The artists’ movement De Stijl came into existence in 1917. The founding members included Theo van Doesburg, Bart Anthony van der Leck, Piet Mondrian, Jacobus Johannes Pieter Oud, Robert van 't Hoff, Vilmos Huszár and Jan Wils. Other less central members were Cornelis van Eesteren, Hans Richter, Gerrit Thomas Rietveld, Truus Schröder-Schräder, Georges Vantongerloo and Friedrich Vordemberge-Gildewart. In the same year, the artists published the "De Stijl" journal, the literary mouthpiece of the group, which contained manifestos and theories.
De Stijl’s artistic programme was first published in a manifesto in 1918, and was meant to be incorporated into artistic practise. The manifesto’s goal was total abstraction, achieved through a focus on the base colours, red, yellow, and blue, as well as black, grey and white, on a simple, geometric, precisely bordered basic design with a horizontal and vertical compositional structure The man-made intrinsic pictorial order was meant to consciously stand in direct contrast with wild and uncontrolled, rampant nature. Piet Mondrian’s (1872-1944) works were pioneering in the field of painting, Mondrian's intense focus on Cubism and increasing schematisation led to a total departure from objectivity. Mondrian’s main paintings, which always contained coloured, white or grey spaces, and black lines, were exemplary De Stijl. The De Stijl principles were also applied to design and architecture, where, according to Mondrian, colours represented solid matter and non-coloured fields symbolised empty, open space.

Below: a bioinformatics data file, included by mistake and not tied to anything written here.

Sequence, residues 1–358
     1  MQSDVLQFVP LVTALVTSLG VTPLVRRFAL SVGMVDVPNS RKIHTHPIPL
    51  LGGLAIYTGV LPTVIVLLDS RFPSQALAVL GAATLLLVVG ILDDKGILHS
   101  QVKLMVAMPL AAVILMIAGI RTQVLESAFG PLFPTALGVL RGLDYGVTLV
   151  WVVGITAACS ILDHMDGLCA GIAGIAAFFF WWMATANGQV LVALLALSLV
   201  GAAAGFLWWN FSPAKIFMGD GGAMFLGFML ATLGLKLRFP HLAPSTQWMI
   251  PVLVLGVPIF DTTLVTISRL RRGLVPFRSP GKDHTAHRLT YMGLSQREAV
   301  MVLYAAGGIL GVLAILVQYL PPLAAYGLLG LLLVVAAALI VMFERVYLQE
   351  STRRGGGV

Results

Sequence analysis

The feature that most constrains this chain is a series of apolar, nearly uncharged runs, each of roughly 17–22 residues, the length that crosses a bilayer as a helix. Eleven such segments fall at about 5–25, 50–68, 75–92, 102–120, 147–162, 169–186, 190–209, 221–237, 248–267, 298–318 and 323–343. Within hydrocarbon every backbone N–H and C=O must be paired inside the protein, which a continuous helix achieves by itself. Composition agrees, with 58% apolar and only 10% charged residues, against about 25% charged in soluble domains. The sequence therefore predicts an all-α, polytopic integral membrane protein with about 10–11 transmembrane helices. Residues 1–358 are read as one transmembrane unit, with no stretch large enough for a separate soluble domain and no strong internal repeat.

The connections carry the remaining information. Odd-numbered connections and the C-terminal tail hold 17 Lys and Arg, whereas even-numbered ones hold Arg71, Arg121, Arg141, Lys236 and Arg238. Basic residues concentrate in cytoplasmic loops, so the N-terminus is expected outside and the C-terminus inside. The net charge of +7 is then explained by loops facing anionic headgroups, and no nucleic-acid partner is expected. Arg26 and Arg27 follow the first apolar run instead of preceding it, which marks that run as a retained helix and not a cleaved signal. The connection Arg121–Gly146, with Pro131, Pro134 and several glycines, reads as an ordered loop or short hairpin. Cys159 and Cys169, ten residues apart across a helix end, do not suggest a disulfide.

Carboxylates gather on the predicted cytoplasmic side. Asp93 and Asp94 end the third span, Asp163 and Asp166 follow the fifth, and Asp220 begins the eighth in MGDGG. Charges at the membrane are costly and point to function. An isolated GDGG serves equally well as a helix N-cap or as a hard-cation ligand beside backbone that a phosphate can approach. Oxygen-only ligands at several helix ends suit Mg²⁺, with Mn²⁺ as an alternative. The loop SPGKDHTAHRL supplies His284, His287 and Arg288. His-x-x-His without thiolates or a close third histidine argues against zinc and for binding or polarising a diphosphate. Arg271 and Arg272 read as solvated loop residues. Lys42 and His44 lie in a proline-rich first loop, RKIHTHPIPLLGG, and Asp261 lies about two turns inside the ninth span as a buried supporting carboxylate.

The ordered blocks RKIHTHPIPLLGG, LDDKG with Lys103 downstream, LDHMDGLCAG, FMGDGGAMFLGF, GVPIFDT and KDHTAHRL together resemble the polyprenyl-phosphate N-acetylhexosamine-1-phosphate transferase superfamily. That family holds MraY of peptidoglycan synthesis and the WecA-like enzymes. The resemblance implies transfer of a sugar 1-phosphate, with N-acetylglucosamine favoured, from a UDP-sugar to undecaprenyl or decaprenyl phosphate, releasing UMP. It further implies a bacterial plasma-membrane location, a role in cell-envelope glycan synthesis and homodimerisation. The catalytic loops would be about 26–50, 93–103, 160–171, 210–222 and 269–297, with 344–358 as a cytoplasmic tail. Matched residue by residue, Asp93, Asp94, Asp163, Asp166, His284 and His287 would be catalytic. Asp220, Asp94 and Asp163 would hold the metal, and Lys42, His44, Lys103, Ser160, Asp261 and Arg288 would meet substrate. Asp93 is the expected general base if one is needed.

The principles of De Stijl strongly influenced the establishment of geometric abstraction at the Bauhaus. In 1922, van Doesburg (1883-1931) held an art course in Weimar, which was attended by a number of Bauhaus students.